# Coin flipping¶

The ideas behind flipping a coin are important in computing.

Computers rely on bits - a bit is a variable that can take on one of two values, one or zero.

Flipping a coin results in one of two outcomes, heads or tails.

In :
# We'll use numpy and scipy.stats to analyse flipping a coin.
import numpy as np
import scipy.stats as ss

# We'll use this for visualisation.
import matplotlib.pyplot as plt
import seaborn as sns

In :
# This just sets the default plot size to be bigger.
plt.rcParams['figure.figsize'] = (12, 8)


A fair coin will give a head fifty percent of the time and a tail fifty percent of the time.

We say the probability of a head is 0.5 and the probability of a tail is 0.5.

We can use the following function to simulate this - giving a 1 for a head and 0 for a tail.

In :
# (Number of times to flip a coin, probability of a head, number of times to do this)
np.random.binomial(1, 0.5, 1) # returns the head(1) or tail(0) value

Out:
array()
In :
# Flip a fair coin 1000 times - how many heads?
np.random.binomial(1000, 0.5, 1) # returns the number of heads

Out:
array()

How likely are we to see a certain number of heads when flipping a coin however many times?

In :
# (No. of heads, no. of flips, probability of a head)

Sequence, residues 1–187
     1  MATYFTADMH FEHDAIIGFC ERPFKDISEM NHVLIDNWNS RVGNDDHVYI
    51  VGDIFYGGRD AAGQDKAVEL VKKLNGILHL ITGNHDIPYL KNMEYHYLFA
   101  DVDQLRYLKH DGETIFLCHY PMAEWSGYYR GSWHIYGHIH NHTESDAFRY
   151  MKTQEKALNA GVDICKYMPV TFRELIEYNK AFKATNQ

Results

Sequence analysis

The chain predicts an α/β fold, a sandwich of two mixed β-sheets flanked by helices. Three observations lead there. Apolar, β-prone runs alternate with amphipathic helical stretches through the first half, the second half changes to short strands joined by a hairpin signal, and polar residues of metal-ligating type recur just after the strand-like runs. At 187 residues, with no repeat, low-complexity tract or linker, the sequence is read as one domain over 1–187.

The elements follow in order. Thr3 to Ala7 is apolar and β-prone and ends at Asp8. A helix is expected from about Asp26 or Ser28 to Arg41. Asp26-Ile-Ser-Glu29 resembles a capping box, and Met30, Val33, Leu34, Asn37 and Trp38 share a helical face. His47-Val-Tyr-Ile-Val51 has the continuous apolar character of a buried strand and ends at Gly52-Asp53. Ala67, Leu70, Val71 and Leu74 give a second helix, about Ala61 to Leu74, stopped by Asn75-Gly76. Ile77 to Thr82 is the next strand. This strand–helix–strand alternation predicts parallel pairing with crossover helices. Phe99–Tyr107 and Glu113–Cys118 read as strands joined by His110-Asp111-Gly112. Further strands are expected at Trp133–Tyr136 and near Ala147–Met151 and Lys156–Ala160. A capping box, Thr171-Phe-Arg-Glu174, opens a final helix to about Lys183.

ss.binom.pmf(500, 1000, 0.5) # ss - scipy stats -

Out:
0.025225018178380496
In :
sns.distplot(np.random.binomial(1000, 0.5, 1000))

Out:
<matplotlib.axes._subplots.AxesSubplot at 0x22dfd7d52e8> What about an unfair coin?

In :
# Flip an unfair coin 10 times - how many heads?
np.random.binomial(10, 0.2, 1)

Out:
array()

Suppose we flip an unfair coin ($p = 0.3$) ten times, what is the probability that the flips are as follows?

$$HHTTHHHTTT$$
In :
(0.3)*(0.3)*(1.0-0.3)*(1.0-0.3)*(0.3)*(0.3)*(0.3)*(1.0-0.3)*(1.0-0.3)*(1.0-0.3)

Out:
0.0004084101
In :
0.3*0.3*0.7*0.7*.3*.3*.3*.7*.7*.7

Out:
0.0004084101

The probability of $r$ heads when flipping an unfair coin $n$ times is

$$P(r \mid n , p) = {n \choose r} p^r (1-p)^{(n-r)}$$
$${n \choose r} = \frac{n!}{r!(n-r)!}$$$${10 \choose 3} = \frac{10!}{3!(7)!}$$$$= 120$$$$\therefore P = {120} (0.3^3)(0.7^7)$$$$= 0.266$$
In :
(0.3)**5*(0.7)**5

Out:
0.00040841009999999976
In :
noflips = 10

p = 0.3
d = [ss.binom.pmf(i, noflips, p) for i in range(noflips+1)]
d

Out:
[0.028247524900000005,
0.12106082100000018,
0.2334744405,
0.26682793200000016,
0.20012094900000013,
0.10291934520000007,
0.03675690899999999,
0.009001692000000002,
0.0014467004999999982,
0.00013778100000000015,
5.904899999999995e-06]

${n \choose r}$ is the number of ways to select $r$ items from $n$, ignoring the order you select them in.

In :
import math

n = 10
r = 3

choose = lambda x, y: math.factorial(x) / (math.factorial(y) * math.factorial(x-y))

choose(n, r)

Out:
120.0

Note the following for ${n \choose 0}$ and ${n \choose n}$.

In :
choose(10, 0)

Out:
1.0
In :
choose(n, n)

Out:
1.0
In :
choose(10,3)

Out:
120.0
In :
choose(8,4)

Out:
70.0

Even though the chances are, with $p = 0.3$ and $10$ flips, that there are three heads, the most probable outcome is all tails.

Clarification: The one instance of tails beats a single instance of three heads, not all 120 possible options of three heads.

In :
(1-0.3)**10

Out:
0.02824752489999998
In :
0.7**10

Out:
0.02824752489999998
In :
0.3**10

Out:
5.9048999999999975e-06
In :
0.7**9*0.3**1

Out:
0.012106082099999993

What has all of this got to do with computers and bits?

Would you consider the following a data set?

In :
import itertools
#["".join(seq) for seq in itertools.product("01", repeat=10)]